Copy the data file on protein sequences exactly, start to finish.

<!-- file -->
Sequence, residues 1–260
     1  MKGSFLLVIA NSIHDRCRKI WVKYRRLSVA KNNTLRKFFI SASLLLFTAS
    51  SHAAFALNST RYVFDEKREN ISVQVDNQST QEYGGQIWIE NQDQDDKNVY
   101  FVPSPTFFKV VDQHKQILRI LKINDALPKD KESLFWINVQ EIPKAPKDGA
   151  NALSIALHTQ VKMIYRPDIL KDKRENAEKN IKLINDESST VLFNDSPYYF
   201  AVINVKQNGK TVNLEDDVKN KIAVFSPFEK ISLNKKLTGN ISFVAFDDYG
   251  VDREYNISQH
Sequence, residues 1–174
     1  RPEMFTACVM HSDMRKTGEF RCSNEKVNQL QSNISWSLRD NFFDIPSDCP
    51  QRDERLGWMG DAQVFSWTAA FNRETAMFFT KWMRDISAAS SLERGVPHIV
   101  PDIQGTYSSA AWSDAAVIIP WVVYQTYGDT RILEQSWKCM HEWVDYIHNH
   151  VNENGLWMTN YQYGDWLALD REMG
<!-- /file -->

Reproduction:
Sequence, residues 1–260
     1  MKGSFLLVIA NSIHDRCRKI WVKYRRLSVA KNNTLRKFFI SASLLLFTAS
    51  SHAAFALNST RYVFDEKREN ISVQVDNQST QEYGGQIWIE NQDQDDKNVY
   101  FVPSPTFFKV VDQHKQILRI LKINDALPKD KESLFWINVQ EIPKAPKDGA
   151  NALSIALHTQ VKMIYRPDIL KDKRENAEKN IKLINDESST VLFNDSPYYF
   201  AVINVKQNGK TVNLEDDVKN KIAVFSPFEK ISLNKKLTGN ISFVAFDDYG
   251  VDREYNISQH
Sequence, residues 1–174
     1  RPEMFTACVM HSDMRKTGEF RCSNEKVNQL QSNISWSLRD NFFDIPSDCP
    51  QRDERLGWMG DAQVFSWTAA FNRETAMFFT KWMRDISAAS SLERGVPHIV
   101  PDIQGTYSSA AWSDAAVIIP WVVYQTYGDT RILEQSWKCM HEWVDYIHNH
   151  VNENGLWMTN YQYGDWLALD REMG